European shares slipped in early trade, giving back some of the strong gains from the previous session after downbeat comments on the economy from European Central Bank President Mario Draghi.
At 0915 GMT, the FTSEurofirst 300 index of top European shares was down 0.5 percent at 976.89 points, after rising 3.6 percent in the previous session, when central banks acted jointly to provide cheaper dollar liquidity to starved European banks and China reduced the reserve rate requirement for commercial lenders.
ECB President Mario Draghi told the European Parliament the downside risks to Europe's economic outlook had increased and the European Central Bank would ensure inflation does not undershoot its target as well as exceed it.
The market's retreat suggested investors wanted further guidance from policymakers about their plans to help resolve the region's debt crisis.
"There's relief with the coordinated bank action, but people are now asking why have they done it. You can trade into it, but you will probably sell out of it," said Justin Urquhart Stewart, director at Seven Investment Management.
"That sort of enthusiasm just shows how much pent-up frustration there is. There's a huge amount of value there, if you're a bit more confident. But we would also have to see a follow-through (action on the euro zone debt crisis) at the EU meeting next week."
Miners were among those giving back strong gains from the previous session when they were boosted by top metals consumer China's action to cut bank reserve requirement ratio by 50 basis points to ease credit strains.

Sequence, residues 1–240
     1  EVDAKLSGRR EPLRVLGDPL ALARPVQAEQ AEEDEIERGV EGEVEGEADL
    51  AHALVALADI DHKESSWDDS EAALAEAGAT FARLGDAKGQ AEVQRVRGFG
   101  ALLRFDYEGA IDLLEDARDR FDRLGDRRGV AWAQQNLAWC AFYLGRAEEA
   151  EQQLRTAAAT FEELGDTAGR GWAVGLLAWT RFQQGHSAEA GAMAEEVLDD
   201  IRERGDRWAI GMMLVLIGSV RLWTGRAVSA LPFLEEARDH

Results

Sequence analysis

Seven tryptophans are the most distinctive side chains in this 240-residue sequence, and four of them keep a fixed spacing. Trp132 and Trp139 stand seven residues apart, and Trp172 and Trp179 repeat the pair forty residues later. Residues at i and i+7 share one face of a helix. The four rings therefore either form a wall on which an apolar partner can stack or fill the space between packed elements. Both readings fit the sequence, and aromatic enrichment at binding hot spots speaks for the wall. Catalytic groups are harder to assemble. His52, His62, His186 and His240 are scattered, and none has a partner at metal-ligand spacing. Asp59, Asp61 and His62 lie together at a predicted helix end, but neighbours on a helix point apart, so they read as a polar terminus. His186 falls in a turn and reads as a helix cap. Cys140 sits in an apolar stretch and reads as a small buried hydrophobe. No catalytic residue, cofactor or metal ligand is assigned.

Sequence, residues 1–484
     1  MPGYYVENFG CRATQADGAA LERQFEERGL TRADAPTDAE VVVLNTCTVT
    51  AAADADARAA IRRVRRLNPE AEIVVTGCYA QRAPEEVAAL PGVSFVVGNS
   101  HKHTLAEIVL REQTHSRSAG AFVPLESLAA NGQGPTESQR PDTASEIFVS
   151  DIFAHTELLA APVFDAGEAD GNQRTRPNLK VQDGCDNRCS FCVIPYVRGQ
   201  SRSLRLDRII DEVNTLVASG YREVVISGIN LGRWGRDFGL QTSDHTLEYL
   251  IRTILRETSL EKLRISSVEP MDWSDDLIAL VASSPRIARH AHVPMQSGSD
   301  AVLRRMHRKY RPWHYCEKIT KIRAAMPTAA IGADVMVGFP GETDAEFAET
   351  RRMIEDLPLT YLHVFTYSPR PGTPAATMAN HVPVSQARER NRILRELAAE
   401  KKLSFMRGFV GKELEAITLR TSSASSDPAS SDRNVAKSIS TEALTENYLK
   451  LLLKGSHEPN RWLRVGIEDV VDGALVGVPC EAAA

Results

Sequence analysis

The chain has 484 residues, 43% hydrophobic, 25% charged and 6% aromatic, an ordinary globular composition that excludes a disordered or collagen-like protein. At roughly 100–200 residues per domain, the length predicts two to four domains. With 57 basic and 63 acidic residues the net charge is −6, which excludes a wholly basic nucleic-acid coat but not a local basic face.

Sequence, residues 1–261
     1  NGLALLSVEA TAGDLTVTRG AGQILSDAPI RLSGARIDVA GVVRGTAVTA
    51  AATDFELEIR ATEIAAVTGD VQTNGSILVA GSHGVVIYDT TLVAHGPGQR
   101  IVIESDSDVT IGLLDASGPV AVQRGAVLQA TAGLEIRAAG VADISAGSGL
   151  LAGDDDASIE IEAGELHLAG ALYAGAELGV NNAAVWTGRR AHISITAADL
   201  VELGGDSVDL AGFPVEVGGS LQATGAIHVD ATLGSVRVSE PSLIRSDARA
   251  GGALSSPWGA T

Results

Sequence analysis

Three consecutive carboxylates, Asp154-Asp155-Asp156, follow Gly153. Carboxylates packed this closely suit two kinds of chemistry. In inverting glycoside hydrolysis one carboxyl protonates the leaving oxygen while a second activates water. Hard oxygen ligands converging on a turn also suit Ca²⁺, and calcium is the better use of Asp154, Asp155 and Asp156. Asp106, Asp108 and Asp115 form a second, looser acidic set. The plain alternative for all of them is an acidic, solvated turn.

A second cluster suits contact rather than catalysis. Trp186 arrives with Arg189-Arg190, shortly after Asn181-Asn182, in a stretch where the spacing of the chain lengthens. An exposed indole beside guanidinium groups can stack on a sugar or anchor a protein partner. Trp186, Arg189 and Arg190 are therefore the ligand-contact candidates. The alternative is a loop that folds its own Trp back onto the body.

The STOXX Europe 600 Basic Resources Index fell 1.1 percent.
The pan-European index is up more than 7 percent this week, with the rally helping to cut its losses for the month of November to just 1.4 percent. But it is down more than 12 percent in 2011, as the euro zone crisis and worries about economies falling into recession take their toll on investor sentiment.
"We think in the near term the (European) market has further to fall as recession is further priced in and earnings downgrades accelerate," said Goldman Sachs in a note.
Goldman said it expects profits to fall by 10 percent in 2012, compared with a consensus of a 9.6 percent increase.
It forecasts a profit recovery of 14 percent for 2013, and given this, it expects the market to recover some time in the first half of 2012 with indexes ending the year up about 10 percent on current levels.
"The timing of this rebound, however, is difficult to predict as it is partly dependent on policy developments," Goldman said.